Sacksonville. Do not act like this is the first time you’ve heard that word. Yes, even though the Jacksonville Jaguars finished 2017 second in the NFL in sacks produced, trailing the Pittsburgh Steelers, the Jaguars defense has adopted the name “Sacksonville.” You have to give it to them, it rolls off the tongue better than “Sacksburgh” or “Pittsack”
Even with the Jaguars finishing in second in the league in sacks, it is clear that their pressure has aided them in finishing second in takeaways, first in yards per play allowed, and first in defensive efficiency.
Matchup Spotlight: Pittsburgh Steelers tackles vs. Jaguars defensive ends
The Jaguars do this by getting a lot of pressure from the edges. Calais Campbell, Yannick Nguake, and Dante Fowler all move around the line, but all attack tackles, and tight ends from the outside. Of the 55 sacks that the Jaguars have put up this year, 33 have come from players wreaking havoc off of the edges. These sacks have come against tackles, tight ends, and unblocked blitzes due to overwhelming pressure off of the edge. The Jaguars win by attacking these spots.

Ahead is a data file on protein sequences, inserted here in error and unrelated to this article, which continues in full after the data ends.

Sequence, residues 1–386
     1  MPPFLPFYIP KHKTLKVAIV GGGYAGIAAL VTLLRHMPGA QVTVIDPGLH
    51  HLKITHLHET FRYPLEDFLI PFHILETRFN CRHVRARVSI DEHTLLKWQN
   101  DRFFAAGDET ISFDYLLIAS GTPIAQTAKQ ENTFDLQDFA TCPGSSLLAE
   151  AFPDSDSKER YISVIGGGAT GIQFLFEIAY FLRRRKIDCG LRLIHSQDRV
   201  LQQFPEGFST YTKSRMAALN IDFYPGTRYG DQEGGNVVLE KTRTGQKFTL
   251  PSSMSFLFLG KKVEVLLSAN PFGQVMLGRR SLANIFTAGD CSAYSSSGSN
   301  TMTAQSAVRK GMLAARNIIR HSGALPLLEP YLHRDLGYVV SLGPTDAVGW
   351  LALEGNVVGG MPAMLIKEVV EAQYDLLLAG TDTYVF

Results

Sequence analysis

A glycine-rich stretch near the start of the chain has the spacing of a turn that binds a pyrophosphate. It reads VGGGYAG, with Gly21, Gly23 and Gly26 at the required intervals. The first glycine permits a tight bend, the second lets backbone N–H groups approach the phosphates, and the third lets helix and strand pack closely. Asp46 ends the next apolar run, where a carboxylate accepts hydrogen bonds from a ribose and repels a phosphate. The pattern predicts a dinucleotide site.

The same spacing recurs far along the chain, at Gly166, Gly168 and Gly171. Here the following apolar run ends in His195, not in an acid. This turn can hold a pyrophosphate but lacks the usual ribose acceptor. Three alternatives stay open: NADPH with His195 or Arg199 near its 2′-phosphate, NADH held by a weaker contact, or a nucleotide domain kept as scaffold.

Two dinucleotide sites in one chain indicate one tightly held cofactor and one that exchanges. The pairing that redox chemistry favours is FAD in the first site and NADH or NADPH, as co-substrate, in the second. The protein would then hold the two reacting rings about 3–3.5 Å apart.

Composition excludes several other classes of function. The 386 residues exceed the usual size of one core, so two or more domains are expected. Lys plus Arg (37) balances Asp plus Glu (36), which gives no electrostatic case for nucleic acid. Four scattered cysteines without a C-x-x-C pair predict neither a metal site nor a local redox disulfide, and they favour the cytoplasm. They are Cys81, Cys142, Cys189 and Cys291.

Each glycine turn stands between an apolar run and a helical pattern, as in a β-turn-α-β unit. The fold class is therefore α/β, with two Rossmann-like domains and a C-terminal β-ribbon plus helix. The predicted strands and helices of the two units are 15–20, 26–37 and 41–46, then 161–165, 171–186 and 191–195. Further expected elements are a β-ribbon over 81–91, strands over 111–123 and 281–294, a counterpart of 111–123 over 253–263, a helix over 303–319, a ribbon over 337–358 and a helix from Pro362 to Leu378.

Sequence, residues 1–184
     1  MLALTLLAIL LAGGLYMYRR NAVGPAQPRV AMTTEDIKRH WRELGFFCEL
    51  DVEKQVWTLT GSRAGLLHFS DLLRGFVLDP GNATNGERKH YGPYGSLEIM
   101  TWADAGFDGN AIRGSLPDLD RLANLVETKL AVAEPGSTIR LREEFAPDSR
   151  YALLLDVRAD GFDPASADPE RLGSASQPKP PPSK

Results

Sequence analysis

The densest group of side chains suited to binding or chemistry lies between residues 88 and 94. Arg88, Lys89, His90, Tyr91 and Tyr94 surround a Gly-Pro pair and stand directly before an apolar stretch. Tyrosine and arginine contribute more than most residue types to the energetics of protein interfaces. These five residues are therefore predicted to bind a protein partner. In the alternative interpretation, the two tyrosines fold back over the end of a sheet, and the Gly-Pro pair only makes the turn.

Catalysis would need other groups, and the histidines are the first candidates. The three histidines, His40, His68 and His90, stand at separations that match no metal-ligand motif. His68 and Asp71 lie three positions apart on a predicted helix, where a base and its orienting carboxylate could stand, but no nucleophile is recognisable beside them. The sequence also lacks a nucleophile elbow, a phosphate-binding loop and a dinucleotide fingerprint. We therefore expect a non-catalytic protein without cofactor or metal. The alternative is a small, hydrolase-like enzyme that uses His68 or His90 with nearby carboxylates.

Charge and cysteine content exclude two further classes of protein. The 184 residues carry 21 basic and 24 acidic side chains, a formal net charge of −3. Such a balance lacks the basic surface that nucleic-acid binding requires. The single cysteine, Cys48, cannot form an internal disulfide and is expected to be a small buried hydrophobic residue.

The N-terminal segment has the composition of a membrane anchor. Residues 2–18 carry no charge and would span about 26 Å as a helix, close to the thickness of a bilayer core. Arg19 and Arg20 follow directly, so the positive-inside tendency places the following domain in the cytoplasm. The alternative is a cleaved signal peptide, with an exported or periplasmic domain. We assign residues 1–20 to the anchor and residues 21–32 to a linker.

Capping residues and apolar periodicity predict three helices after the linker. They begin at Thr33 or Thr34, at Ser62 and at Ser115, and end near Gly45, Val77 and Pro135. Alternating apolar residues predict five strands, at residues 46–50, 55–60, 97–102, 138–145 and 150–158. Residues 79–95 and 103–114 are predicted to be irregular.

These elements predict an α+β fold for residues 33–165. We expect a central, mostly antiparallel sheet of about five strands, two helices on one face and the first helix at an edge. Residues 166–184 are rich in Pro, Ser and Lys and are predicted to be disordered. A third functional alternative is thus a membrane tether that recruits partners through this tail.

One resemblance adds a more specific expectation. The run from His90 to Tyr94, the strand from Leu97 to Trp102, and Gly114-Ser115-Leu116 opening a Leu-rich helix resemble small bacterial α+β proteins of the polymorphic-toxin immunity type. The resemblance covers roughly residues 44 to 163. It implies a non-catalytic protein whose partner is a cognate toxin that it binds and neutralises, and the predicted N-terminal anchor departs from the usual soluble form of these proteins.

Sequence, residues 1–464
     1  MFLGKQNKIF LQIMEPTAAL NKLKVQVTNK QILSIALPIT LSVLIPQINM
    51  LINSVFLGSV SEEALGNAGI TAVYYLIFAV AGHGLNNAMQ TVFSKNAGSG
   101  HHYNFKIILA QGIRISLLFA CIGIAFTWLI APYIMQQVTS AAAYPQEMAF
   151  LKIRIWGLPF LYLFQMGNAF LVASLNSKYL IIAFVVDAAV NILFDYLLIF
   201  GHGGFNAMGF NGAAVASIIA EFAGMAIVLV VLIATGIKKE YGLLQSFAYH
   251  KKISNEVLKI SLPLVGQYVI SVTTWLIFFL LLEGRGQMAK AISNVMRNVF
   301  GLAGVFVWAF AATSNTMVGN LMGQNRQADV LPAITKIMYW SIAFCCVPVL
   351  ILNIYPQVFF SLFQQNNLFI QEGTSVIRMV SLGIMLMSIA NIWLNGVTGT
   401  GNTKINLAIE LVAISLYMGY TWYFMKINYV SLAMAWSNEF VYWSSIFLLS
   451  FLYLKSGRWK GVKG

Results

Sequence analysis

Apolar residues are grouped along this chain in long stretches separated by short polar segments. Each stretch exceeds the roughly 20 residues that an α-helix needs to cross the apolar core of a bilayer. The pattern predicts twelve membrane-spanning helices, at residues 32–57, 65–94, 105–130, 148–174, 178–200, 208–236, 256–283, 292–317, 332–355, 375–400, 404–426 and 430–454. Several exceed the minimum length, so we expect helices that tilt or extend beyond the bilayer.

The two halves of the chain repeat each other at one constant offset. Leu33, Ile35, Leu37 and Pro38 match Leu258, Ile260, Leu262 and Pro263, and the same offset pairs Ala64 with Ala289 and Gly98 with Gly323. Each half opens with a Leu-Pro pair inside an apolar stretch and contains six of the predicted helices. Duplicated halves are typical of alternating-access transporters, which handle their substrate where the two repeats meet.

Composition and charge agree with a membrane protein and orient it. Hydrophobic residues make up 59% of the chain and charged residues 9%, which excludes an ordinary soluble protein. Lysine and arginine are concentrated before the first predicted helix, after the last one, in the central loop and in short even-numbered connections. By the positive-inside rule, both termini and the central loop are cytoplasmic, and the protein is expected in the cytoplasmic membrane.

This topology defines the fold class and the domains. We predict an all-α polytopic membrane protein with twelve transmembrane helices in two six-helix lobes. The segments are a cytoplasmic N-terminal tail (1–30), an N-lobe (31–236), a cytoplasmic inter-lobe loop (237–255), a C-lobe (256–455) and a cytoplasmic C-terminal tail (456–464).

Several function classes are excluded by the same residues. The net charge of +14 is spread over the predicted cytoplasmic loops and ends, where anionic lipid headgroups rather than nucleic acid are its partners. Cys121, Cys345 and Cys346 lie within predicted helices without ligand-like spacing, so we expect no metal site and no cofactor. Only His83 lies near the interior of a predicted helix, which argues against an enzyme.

On the flip side, if there is a way to get after Ben Roethlisberger, it will come on the edges. Ben Roethlisberger has stayed upright more in the last two seasons than ever before. The 21 sacks he succumbed to this season is the third-best mark of his career and second best sack rate.
However, of those 21, 15.5 have come under pressure off of the edges. This features 7.5 allowed by Alejandro Villanueva, four allowed by Chris Hubbard, two by Marcus Gilbert, one by Jesse James, and one situation in which a player came in unblocked off of the edge. Three of those sacks given up on the outside can be chalked up to coverage sacks. However, six of the Jaguars 33 sacks from the edge were coverage sacks as well.
Quick aside- how good is the combination of Ramon Foster, Maurkice Pouncey, and David DeCastro? Le’Veon Bell allowed a sack this season as well meaning the interior trio is responsible for 3.5 sacks this season.
The other thought is that while pass protection is not a weakness for Pittsburgh, the kink in their armor just so happens to be the strength of the Jaguars defense.
How the Steelers protect their edges and keep Ben Roethlisberger clean is going to be the biggest factor in this game. Last time the Pittsburgh Steelers played, Roethlisberger threw five interceptions. However, the talent of the defense had a lot more to do with that than the actual play and decision making of Roethlisberger. Two were almost directly linked to pressure.
Yes, most of those interceptions were fluky and unlikely to be repeated. At the same time, if the pressure remains the same, good results are going to find ways to rear their ugly head.